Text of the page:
2 pipeline projects approved, 1 rejected by Justin Trudeau and Liberals

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OTTAWA – After much speculation surrounding pipeline projects in Canada, Justin Trudeau announced the fate of 3 today.

First, he approved the Kinder Morgan Expansion Project. He then announced that the Line 3 project was also approved.

Perhaps the biggest decision today, he rejected the Northern Gateway project.

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The Trans Mountain Expansion project will up oil production to 890,000 barrels a day.

The project is expected to cost $6.8-billion. The pipeline will move oil from Alberta to Burnaby.

The National Energy Board imposed 157 conditions on the project back in April. Something Trudeau stated must be met on Tuesday when he made the announcement.

Trudeau said he would have rejected the project if he found it to be harmful.

“If I thought this project was unsafe for the B.C. coast, I would reject it. This is a decision based on rigorous debate on science and evidence. We have not been, and will not be swayed by political arguments, be they local, regional or national.”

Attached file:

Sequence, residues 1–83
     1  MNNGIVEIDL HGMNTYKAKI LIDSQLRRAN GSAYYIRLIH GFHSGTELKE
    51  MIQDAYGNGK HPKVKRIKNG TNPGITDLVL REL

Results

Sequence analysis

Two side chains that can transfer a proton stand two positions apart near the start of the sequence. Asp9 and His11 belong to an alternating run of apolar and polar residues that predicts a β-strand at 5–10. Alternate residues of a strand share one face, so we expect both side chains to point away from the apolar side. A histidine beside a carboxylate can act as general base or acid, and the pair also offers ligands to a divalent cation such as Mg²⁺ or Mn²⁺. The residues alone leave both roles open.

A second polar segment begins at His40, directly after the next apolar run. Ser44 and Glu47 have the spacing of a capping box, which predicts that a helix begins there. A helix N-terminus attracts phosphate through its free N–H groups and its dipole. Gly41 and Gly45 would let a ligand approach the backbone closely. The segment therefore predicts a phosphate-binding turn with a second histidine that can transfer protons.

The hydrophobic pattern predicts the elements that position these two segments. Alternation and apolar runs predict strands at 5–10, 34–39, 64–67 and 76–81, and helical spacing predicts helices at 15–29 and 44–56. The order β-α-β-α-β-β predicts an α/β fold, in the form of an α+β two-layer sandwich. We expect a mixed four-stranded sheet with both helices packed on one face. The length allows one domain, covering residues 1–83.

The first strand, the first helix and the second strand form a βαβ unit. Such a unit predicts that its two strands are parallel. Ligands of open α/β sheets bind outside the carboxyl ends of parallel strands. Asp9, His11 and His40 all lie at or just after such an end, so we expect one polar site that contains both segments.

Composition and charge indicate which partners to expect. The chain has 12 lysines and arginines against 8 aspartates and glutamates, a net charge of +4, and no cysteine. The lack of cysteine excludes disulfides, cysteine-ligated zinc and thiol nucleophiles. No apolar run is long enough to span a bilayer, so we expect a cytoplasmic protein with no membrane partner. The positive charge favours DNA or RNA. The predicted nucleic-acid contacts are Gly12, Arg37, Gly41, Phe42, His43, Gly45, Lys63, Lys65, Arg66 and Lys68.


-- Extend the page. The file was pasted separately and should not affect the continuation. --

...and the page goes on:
The Line 3 project was perhaps the one that was flying under the radar or not facing as much opposition as the other 2 projects.


The 1,659-kilometre project will carry oil from Alberta to the United States, specifically to Wisconsin.

The project has 89 conditions that must be met. The conditions were announced in April by the National Energy Board.

The project is expected to cost $7.5-billion.


Northern Gateway was one of the most controversial projects that Trudeau had to make a decision on.


After today when he announced that they would be rejecting the project, the decision was met with harsh criticism from interim Conservative leader Rona Ambrose who says Trudeau has wiped numerous jobs, around 4,000, off the table. Ambrose also believes the Kinder Morgan Expansion project has a very little chance of actually being built.

Trudeau said during his press conference this afternoon that “The Great Bear Rainforest is no place for a pipeline and the Douglas Channel is no place for oil tanker traffic.”

The project would have cost $7.9-billion.

Alberta Premier Rachel Notley was also on hand in Ottawa to celebrate the decisions made by the federal government. Notley took the time to address concerns as well as give her view on what the pipelines will do for Canada as a whole.


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